(Before It's News)
A former NASA employee pleaded guilty today to making false statements in connection with an investigation into his interactions with contractors, announced Assistant Attorney General Leslie R. Caldwell of the Justice Department’s Criminal Division, U.S. Attorney Rod J. Rosenstein of the District of Maryland and NASA Inspector General Paul K. Martin.
Nathaniel Wright, 55, pleaded guilty before U.S. District Judge Theodore D. Chuang of the District of Maryland. He is scheduled to be sentenced on Jan. 25, 2017.
According to the plea agreement, Wright worked as a NASA employee at Goddard Space Flight Center. In late 2009 and early 2010, while still employed full-time at NASA, Wright also worked as a contract employee for a friend’s small business that performed work for several government agencies. Wright assisted the small business in the preparation and submission of bids to other government agencies.
According to admissions made in connection with his plea agreement, from 2009 through 2012, Wright’s official duties at NASA included significant responsibilities with respect to three contracts, including an $800 million contract, a $450 million contract and a $1.2 billion contract.
Wright admitted that, while working in his official capacity with NASA, he provided his resume to one of the contractors and said that he was looking for a position with their company. Wright suggested that he would wait to consider the contractor’s proposals until a position had been considered. Wright also admitted that he pressed a contractor to use his friend’s business to perform work on a specific task order, even though that businesses had no experience in the area.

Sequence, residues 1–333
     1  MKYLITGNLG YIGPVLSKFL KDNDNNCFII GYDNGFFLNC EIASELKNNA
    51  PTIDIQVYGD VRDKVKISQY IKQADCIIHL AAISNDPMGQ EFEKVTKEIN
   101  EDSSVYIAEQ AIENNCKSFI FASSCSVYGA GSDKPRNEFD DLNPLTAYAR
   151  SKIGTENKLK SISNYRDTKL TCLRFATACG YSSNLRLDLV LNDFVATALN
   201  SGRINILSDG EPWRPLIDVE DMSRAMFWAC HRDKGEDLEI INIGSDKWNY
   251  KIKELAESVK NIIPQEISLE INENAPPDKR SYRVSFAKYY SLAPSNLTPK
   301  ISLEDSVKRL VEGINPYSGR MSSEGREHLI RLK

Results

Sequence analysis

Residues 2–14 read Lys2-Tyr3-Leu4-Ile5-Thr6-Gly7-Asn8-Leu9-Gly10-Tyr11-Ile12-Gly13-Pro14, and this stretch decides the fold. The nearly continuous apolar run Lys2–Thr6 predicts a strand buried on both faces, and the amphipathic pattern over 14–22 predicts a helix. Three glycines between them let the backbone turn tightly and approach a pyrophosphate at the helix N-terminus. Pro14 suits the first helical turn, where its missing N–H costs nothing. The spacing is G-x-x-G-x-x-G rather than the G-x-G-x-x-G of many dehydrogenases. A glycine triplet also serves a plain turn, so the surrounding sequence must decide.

Wright further admitted that he pressed additional contractors on a separate contract to direct work to his friend’s business. At a meeting in October 2012, Wright also instructed a contractor to include his friend’s business in a task order proposal and suggested that they include a document to justify the business’s involvement, even though the business had no expertise in the type of work called for under the contract.
NASA’s Office of Inspector General (OIG) opened an investigation into Wright’s conduct. As part of the investigation, on Oct. 23, 2012, three NASA OIG agents interviewed Wright. According to his admissions, Wright made a number of false statements during the interview regarding the circumstances surrounding his provision of his resume to the contractor and his pressuring of contractors to use his friend’s company. Wright admitted that he knew that these statements were false when he made them.
NASA OIG investigated the case. Trial Attorney Victor R. Salgado of the Criminal Division’s Public Integrity Section and Assistant U.S. Attorney Thomas M. Sullivan of the District of Maryland are prosecuting the case. Chief Kevin Driscoll of the Criminal Division’s Asset Forfeiture Money Laundering Section Policy Unit previously handled the case for the Public Integrity Section.